Renewed push for independence in Oceania

Bougainville holds self-determination referendum in November as West Papua-Indonesia conflict worsens

Papuan pro-independence demonstration.
Papuan pro-independence demonstration. Author: Free West Papua Campaign
Most countries of Oceania, having been colonized by European powers during the 19th century, gained their independence throughout the 20th century. Several cases, however, were not resolved, as some decolonization processes remained pending, while in other cases new demands for sovereignty emerged within post-colonial republics. Bougainville, which will be holding an independence referendum in November, and West Papua, in a renewed conflict escalation, are two examples of that.

Bougainville, UN member #194 to come?

After being postponed twice, Bougainville is scheduled to hold an independence referendum on 23 November 2019. Nearly 200,000 citizens of this Pacific island are expected to decide between enlarged self-government —the territory has been semi-autonomous within Papua New Guinea since 2002— or secession.

The referendum is the result of a 2001 agreement between the government of Papua New Guinea and representatives of Bougainville to put an end to an armed conflict that began in the 1980s. The island has unilaterally declared independence twice, in 1975 and 1991, albeit without success.

A clear “yes” victory is expected, but any final decision will be up to the Parliament of Papua New Guinea, as the vote is not legally binding.

Analysts agree that political management of the referendum aftermath will be the most important challenge, if “yes” wins. On the one hand, Bougainville will need years to equip itself with all the structures to function as a viable independent state. On the other, Papua New Guinea might decide to deny independence to Bougainville. It is not ruled out, in this case, that the PNG government offers Bougainville an intermediate status. But any refusal to implement independence could lead to instability and could herald a return to armed conflict.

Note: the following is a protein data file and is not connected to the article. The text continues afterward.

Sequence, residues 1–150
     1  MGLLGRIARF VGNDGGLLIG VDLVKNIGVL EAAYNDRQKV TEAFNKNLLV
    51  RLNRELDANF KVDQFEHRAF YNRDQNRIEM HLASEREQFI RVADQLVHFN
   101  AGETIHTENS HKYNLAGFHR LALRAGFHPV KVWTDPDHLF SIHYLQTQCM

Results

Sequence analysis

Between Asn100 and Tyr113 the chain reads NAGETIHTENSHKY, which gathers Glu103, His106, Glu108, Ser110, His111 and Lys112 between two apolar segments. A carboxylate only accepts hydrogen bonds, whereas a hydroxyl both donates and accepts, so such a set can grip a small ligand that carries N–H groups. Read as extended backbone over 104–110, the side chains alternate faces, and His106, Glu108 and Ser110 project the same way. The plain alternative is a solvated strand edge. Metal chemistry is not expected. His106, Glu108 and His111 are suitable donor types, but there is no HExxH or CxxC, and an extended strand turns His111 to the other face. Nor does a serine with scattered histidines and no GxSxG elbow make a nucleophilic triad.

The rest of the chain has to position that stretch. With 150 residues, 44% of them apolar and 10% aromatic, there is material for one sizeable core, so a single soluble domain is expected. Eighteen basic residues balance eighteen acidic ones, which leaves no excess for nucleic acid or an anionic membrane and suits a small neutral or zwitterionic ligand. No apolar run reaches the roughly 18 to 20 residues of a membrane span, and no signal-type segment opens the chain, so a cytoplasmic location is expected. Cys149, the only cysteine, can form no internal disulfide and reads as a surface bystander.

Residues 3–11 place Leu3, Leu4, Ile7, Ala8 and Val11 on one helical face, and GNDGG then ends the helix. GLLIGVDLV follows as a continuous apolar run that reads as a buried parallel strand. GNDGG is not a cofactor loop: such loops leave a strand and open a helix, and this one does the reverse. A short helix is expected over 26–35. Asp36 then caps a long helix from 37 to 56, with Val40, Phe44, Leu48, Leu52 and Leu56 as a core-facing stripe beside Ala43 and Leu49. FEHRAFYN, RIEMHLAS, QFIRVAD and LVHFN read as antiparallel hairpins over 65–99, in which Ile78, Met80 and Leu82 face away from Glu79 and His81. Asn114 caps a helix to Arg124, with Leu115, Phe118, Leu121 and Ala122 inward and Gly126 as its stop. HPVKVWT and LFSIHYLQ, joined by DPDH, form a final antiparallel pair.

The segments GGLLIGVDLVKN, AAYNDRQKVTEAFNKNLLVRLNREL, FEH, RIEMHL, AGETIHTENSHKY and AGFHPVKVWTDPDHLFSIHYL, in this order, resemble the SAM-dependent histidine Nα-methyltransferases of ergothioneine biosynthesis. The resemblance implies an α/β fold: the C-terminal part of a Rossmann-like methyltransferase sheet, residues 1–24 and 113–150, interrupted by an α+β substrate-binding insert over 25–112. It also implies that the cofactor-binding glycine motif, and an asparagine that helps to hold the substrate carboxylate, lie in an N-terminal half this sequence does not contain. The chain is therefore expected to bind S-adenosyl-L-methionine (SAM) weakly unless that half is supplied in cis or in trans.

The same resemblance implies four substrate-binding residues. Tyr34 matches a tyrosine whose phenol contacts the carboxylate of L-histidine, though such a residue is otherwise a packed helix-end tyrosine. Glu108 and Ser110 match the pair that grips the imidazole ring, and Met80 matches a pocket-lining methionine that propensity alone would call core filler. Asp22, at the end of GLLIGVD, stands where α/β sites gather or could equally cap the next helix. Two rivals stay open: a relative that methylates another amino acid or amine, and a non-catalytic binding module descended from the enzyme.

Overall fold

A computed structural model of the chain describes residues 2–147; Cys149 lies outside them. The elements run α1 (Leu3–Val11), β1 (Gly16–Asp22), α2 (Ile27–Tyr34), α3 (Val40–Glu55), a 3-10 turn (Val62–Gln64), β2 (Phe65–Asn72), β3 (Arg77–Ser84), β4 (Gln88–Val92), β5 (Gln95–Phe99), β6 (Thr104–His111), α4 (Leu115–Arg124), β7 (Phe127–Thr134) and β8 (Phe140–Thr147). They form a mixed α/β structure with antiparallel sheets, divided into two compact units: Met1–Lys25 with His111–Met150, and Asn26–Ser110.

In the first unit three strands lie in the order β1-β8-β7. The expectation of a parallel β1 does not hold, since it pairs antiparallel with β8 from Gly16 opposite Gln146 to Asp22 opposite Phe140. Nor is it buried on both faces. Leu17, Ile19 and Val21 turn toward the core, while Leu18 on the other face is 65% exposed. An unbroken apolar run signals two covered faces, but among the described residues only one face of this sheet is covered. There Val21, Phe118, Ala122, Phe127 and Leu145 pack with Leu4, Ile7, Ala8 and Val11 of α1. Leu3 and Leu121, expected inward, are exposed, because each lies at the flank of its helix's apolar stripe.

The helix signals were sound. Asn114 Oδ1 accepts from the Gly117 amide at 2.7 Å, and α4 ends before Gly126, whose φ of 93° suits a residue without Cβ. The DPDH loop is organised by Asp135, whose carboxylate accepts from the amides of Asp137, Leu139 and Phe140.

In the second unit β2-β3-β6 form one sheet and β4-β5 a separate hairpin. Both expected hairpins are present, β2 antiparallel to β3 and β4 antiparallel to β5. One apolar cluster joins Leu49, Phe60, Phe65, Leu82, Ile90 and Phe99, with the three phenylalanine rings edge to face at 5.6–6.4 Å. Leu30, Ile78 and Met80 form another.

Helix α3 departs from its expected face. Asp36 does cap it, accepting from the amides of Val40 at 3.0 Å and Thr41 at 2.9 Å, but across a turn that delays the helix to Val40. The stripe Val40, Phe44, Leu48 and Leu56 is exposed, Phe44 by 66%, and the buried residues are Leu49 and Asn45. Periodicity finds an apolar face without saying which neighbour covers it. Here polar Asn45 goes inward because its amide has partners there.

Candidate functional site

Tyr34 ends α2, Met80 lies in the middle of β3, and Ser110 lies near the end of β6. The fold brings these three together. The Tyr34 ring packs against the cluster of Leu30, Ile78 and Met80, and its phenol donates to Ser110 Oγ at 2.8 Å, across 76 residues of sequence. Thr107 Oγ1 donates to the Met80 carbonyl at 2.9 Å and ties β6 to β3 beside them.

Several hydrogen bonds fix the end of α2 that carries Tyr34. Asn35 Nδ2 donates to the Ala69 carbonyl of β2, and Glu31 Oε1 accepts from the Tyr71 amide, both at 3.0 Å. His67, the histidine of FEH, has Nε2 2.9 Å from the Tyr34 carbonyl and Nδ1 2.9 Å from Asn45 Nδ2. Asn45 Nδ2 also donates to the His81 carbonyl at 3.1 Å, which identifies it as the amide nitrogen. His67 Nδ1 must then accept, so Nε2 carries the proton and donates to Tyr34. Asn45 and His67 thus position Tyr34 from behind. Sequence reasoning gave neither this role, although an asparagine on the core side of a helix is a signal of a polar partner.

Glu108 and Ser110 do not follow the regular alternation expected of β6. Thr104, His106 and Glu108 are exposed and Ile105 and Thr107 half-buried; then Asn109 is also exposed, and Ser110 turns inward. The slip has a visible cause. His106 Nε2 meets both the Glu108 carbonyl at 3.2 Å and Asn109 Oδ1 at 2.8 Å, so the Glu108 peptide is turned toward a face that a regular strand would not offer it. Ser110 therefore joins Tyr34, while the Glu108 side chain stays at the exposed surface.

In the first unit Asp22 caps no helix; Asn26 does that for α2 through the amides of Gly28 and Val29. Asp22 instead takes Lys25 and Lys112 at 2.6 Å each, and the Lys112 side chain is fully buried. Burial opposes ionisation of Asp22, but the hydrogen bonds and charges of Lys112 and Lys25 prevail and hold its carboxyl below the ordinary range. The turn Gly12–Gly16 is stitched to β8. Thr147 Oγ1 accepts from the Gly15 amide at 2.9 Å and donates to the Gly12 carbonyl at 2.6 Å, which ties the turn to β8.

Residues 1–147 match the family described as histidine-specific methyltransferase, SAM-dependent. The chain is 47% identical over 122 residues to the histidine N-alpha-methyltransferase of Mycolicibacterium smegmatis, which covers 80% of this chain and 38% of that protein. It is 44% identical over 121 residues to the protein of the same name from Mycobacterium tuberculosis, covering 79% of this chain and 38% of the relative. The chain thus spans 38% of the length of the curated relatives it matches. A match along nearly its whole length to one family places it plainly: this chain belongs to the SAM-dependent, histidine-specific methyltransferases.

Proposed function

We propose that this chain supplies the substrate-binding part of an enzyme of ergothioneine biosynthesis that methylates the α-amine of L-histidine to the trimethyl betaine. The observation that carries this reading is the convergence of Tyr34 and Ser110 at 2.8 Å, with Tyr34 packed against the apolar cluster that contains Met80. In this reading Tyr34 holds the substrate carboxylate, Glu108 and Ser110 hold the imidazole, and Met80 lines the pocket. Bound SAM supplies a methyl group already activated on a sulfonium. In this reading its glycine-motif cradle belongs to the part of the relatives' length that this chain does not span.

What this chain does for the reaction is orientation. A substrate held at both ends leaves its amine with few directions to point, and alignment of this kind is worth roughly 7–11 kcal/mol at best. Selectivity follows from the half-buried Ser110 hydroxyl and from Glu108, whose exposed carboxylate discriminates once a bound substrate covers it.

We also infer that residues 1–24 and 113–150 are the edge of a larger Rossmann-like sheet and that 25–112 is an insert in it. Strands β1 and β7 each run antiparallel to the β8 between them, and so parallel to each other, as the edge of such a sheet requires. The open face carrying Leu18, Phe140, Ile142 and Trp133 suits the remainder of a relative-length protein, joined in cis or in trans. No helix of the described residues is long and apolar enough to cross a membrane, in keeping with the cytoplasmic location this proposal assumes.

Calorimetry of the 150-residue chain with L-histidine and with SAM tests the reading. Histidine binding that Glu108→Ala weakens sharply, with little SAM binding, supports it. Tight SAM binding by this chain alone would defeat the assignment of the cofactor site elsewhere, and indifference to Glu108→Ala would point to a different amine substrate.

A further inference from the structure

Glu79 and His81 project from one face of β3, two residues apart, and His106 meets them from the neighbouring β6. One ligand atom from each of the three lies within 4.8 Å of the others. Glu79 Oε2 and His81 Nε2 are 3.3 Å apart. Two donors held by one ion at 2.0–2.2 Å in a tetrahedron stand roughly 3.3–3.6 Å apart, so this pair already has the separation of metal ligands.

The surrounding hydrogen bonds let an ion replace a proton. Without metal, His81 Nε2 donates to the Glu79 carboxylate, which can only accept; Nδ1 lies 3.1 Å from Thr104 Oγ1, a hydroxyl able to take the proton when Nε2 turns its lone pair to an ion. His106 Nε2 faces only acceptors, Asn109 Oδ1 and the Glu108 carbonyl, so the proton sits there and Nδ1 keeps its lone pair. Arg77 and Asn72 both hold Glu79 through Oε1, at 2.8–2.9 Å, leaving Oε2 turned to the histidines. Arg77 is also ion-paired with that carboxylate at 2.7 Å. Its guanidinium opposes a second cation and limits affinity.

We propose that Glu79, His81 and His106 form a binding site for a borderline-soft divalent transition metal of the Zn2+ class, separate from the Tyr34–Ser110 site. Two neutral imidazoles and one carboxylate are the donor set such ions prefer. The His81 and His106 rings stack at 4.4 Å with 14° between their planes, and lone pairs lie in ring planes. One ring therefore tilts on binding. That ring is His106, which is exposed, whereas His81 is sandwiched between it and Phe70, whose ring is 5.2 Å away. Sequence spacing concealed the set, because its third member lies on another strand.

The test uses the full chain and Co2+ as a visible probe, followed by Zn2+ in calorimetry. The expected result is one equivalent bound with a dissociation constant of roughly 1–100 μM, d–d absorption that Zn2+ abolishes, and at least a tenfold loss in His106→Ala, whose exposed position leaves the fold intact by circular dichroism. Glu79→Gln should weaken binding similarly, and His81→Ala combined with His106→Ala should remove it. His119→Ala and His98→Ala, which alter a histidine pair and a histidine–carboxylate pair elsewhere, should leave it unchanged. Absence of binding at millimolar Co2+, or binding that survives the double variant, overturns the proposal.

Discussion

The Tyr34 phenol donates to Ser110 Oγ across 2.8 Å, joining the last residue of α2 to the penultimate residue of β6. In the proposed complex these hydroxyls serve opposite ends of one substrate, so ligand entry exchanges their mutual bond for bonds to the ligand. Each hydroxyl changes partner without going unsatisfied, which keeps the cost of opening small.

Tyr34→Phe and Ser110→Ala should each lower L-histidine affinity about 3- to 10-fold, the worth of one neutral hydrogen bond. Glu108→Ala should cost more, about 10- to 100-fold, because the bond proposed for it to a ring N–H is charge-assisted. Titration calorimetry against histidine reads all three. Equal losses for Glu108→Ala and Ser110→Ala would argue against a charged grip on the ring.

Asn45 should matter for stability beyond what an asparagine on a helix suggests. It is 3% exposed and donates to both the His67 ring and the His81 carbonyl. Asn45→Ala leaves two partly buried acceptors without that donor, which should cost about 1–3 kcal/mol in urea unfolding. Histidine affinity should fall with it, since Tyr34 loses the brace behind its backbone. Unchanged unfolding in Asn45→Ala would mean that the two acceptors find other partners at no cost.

West Papua: Indonesia’s rebel border

Of the 16,000 islands that make up Indonesia, half of one —albeit a very vast one— is the scenario of a conflict that has been lasting for more than 50 years. Since the middle of the 20th century, West Papuan independence fighters have been resisting the integration of their country into Indonesia, denouncing a continuous process of colonization and plundering of natural resources by the Indonesian government.

The conflict has since killed between 100,000 and 500,000 people, most of them Papuan civilians. It is difficult to be more specific, given that Indonesia restricts access to journalists and researchers. Integration into Indonesia has resulted in Papuan people becoming a demographic minority in several parts of the island, following the arrival of people from elsewhere.

[Further background information on West Papua in this profile.]

Since mid-August, several cities and towns in West Papua have witnessed renewed protests by Papuan demonstrators, who denounce racism from Indonesian police, military personnel and civilians too, and demand self-determination.

The protests, banned by the police, have resulted in violent actions, with more than 30 people killed. According to Indonesian police chief Tito Karnavian, most of those killed are Indonesians, burned in buildings set on fire by demonstrators. In a separate incident, at least six Papuan demonstrators were killed by police gunfire. A police officer was also killed.

Papuan organizations speak of more than 60 people killed, many of them Papuan civilians.

Benny Wenda, exiled leader of the United Liberation Movement of West Papua (ULMWP), has once again called on Indonesia to accept the holding of an independence referendum. Instead, Wenda decries, “Wiranto [the Indonesian government's coordinating minister for security, policy and law] is forming militia groups, trying to turn Indonesian settlers in West Papua against us —just as he did in East Timor.”

New Caledonia’s second chance in 2020